Definition - What does Implantation Bleeding mean?
Implantation bleeding is mild bleeding that occurs in very early pregnancy and is thought to attributed to the burrowing of a fertilized egg into a uterus. This is interpreted by some to be an early sign of pregnancy.
Implantation of a fertilized egg into the uterus generally starts seven days after ovulation, with the egg completely burrowed within the uterine lining by day nine. One small study indicates bleeding in very early pregnancy is most likely to occur five days after implantation.
Implantation bleeding may be referred to as early pregnancy bleeding.
FertilitySmarts explains Implantation Bleeding
One study showed 9% of pregnancies reporting bleeding in the first eight weeks of pregnancy. Reported bleeding was typically light, requiring one or two pads or tampons in a 24 hour period. Bleeding that stops and then resumes is more likely to be detrimental to an ongoing pregnancy.
It is possible that bleeding is the result of drop in levels of progesterone that may occur during the time period when the hormone stops being produced by the corpus luteum and when the placenta takes over production of the hormone. Decreasing progesterone levels are responsible for triggering menstruation outside of pregnancy. It is possible that early pregnancy bleeding may be attributed to an insufficiently developed placenta.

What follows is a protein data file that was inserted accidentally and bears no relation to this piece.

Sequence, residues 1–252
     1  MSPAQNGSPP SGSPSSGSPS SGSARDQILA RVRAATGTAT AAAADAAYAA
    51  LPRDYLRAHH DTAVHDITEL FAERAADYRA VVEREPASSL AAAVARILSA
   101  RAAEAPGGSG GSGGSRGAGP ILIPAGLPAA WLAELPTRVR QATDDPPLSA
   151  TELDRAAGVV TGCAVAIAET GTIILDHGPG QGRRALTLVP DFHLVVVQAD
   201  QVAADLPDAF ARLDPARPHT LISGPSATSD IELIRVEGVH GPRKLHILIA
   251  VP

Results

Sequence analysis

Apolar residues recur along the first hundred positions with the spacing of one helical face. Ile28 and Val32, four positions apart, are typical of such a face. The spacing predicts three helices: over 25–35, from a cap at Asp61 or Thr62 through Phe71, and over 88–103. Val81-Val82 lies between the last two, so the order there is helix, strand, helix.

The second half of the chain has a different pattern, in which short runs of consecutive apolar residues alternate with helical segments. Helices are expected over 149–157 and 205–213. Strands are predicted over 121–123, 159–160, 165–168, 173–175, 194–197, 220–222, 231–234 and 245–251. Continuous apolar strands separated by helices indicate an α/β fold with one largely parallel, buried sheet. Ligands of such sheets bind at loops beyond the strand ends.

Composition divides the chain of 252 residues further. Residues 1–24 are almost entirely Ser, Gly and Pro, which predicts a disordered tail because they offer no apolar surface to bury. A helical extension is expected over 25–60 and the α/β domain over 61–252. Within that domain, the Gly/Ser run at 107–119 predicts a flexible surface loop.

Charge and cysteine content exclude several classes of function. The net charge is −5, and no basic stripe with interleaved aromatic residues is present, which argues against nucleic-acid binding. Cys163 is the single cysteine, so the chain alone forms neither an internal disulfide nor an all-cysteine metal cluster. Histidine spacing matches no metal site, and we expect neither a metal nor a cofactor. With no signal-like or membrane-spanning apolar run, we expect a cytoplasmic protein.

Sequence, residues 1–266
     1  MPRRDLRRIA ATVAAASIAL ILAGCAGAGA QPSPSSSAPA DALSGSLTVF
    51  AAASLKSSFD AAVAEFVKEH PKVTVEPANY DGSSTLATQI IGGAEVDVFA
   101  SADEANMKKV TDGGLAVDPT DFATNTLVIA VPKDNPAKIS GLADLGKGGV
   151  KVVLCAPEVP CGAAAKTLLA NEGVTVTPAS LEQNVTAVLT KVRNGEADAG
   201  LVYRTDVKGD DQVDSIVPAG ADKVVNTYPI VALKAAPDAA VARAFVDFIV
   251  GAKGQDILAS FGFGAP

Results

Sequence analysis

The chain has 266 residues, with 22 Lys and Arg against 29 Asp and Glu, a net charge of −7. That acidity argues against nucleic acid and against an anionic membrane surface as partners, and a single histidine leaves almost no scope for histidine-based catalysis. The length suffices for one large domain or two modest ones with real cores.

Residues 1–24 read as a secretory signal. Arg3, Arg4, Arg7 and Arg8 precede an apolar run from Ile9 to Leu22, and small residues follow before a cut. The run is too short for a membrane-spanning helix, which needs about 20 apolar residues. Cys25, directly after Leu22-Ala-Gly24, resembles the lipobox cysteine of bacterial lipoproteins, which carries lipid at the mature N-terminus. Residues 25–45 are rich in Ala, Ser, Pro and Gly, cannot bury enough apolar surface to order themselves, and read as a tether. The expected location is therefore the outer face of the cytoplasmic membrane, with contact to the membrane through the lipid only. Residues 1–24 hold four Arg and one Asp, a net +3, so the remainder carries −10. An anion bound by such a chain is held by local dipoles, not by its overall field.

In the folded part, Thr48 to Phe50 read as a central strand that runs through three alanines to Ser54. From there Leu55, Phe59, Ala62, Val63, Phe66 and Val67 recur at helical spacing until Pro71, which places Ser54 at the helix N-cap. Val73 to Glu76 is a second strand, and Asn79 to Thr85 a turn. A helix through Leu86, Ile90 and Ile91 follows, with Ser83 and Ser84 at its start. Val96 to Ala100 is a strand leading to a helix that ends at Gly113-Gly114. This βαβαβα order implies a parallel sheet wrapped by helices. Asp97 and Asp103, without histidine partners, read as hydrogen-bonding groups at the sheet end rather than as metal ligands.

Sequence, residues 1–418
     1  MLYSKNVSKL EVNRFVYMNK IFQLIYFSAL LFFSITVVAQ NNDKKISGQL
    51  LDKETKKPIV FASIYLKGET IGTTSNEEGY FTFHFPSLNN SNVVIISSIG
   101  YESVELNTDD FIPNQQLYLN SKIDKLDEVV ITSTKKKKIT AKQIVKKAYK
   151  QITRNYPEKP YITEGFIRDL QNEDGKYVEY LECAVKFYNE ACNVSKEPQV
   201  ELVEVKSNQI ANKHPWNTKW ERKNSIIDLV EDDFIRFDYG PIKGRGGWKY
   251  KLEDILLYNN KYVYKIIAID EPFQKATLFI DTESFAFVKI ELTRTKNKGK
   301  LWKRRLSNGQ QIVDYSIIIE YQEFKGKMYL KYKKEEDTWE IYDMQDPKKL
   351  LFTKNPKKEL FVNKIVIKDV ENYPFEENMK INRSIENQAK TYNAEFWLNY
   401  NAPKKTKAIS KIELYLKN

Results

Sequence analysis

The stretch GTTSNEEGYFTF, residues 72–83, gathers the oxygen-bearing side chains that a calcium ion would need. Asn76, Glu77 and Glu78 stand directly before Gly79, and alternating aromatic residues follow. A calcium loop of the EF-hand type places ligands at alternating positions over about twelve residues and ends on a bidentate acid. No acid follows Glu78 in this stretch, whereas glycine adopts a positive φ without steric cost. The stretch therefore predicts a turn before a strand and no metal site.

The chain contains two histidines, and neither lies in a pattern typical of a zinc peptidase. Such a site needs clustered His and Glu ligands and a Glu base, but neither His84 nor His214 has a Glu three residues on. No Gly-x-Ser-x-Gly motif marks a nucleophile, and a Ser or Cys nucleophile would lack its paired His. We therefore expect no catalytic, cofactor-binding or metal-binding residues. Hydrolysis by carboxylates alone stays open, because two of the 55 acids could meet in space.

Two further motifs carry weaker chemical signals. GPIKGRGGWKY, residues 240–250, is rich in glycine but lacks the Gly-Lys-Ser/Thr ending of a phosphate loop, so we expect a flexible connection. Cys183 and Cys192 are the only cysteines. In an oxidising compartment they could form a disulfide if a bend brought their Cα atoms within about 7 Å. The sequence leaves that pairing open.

Additionally, the study shows that the majority of women who experience early pregnancy bleeding do so around the time of their expected period, around 14 days after ovulation or cycle days 27-31.
Early pregnancy bleeding can cause mild cramping and bleeding, similar to what might be expected at the beginning of a period. However, so-called implantation bleeding is typically much lighter than normal menstruation, consisting of spotting lasting no more than three days.
Implantation bleeding can be distinguished from menstrual bleeding by:
- Brevity and mildness. Implantation bleeding is limited to mild spotting which does not last more than three days.
- Quality. Some women describe implantation bleeding as being brown or pink, as opposed to the red of their usual menstrual blood. Others, however, report that the blood is normal except in quantity.
- Differences in accompanying cramps. Implantation cramps are typically milder than premenstrual cramps, and some women describe them as being different in quality. Implantation cramps may be entirely absent, or last for up to two days. Some women report a "sharp," "pulling," or "tingling" sensation that is unlike their usual premenstrual cramps.
Not all women experience early pregnancy bleeding.